20,000 garment workers in Cambodia face job losses from factory closures because of shortages of raw materials from China and reduced orders from buyers in the virus-affected locations including the United States and Europe. Thousands have already lost their jobs in Myanmar. Garment workers in Sri Lanka and Bangladesh are uncertain of their futures.
The Queensland University of Technology and the University of Technology Sydney have been funded by the Cotton Research and Development Corporation to research “Strategies for improving labour conditions within the Australian cotton value chain” (2019-2022).
Non-Government Organisations are active in pressuring fashion brands to be accountable for their social and environmental claims. Labour is currently in the spotlight. Over 20 million employees in garment manufacturing in Asia Pacific are paid below the minimum wage. ILO ratification in Australia’s export countries is low and non-compliance high (up to 90%). This project will provide information to enable the cotton industry to understand labour issues along its value chain and recommend strategies for the industry to explore.
Phase 1 produced a heat map, based on secondary data, which provides an overview of labour issues affecting the textile and apparel industry in primary export destinations in the Australian cotton value chain. Click on the image below to see the full interactive heat maps which were created using Tableau.
The open letter to Coles and Woolworths was covered by the New Daily and the supermarkets have written a response to our letter. The Australasian Centre for Corporate Responsibility (ACCR), who have been engaging both supermarkets since 2017, have prepared a response to the supermarkets. You can find the response here:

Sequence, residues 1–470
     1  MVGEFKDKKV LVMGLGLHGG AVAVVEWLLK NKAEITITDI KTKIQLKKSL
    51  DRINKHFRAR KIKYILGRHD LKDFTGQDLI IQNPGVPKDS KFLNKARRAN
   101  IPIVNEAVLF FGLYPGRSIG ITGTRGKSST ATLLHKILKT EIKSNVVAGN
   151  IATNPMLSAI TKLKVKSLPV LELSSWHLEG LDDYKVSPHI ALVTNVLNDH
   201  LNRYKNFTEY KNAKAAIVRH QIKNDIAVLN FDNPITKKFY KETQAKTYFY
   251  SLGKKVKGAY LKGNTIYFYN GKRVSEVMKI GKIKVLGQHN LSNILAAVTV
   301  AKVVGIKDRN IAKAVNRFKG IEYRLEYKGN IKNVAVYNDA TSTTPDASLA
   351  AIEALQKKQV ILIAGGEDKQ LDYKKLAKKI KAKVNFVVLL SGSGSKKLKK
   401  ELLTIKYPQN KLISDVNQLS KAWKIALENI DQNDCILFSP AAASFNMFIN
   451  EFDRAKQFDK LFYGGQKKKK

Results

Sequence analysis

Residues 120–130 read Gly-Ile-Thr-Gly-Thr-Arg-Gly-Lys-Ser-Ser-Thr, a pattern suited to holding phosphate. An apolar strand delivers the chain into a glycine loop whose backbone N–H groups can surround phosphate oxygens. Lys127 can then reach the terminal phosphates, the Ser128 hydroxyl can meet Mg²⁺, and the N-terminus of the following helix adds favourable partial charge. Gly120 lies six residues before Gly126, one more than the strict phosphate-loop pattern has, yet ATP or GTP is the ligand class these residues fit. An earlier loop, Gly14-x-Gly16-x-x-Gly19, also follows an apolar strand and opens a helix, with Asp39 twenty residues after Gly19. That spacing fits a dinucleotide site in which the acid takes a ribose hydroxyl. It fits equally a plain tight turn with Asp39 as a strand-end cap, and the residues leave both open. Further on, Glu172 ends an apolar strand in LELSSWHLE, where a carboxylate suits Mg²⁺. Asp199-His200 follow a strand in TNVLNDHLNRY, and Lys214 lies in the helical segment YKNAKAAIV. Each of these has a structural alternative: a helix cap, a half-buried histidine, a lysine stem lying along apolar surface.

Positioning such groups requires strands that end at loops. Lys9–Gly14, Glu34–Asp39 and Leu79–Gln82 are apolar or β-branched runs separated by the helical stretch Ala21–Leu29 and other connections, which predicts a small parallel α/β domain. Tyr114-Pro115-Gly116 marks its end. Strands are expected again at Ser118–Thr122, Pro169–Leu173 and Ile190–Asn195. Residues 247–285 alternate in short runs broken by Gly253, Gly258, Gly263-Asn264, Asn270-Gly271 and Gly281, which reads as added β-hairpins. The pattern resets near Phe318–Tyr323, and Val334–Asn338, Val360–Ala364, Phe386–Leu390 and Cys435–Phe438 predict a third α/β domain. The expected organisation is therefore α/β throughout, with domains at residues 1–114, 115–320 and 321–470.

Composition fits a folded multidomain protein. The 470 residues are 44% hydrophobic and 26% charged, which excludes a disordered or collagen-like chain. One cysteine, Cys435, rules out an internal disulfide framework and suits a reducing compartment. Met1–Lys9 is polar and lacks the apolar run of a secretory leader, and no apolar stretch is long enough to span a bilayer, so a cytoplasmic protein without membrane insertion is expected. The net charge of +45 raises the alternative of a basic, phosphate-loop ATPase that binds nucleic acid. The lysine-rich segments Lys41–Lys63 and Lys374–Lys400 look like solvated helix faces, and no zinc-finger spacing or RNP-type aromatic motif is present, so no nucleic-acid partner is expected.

Justine Nolan, Laurie Berg and Martijn Boersma have supported a shareholder resolution by ACCR that will be heard at the Coles AGM on the 13th November 2019. You can help by calling on UniSuper to support the resolution. All you need to do is send them a message here. You can use the sample text below, copy and paste, or write your own.
The Australian horticultural sector is one of the most at-risk industries for modern slavery.
A recent survey by the National Union of Workers among 650 workers found severe underpayments and withholding of wages, excessive overtime, retention of identity documents, threats of and actual physical and sexual violence, and coercive and excessive payments for transport and board.
A group of academics, experts in the area of labour and human rights, modern slavery, and supply chains, have initiated an open letter in which they ask Coles and Woolworths to address labour exploitation and the risk of modern slavery.
Australia’s Modern Slavery Act requires businesses to report yearly on the risks of modern slavery in their operations and supply chains, the actions taken in response, and the effectiveness of these actions. The first reporting cycle started on July 1.
Unfortunately, although companies and consumers are increasingly aware that modern slavery exists, it is a phenomenon that is often dismissed or misunderstood.
Modern slavery and supply chain transparency are some of the new buzz words attracting increased attention from the corporate sector, write Justine Nolan and Martijn Boersma.
In 2018, Australia (and NSW) enacted modern slavery laws which require entities to report on the risks of modern slavery in their operations and supply chains and actions taken to address those risks. This new law will impact companies, law firms, universities and the Australian government who will now need to have a better understanding about how their operations and procurement practices may be enabling modern slavery.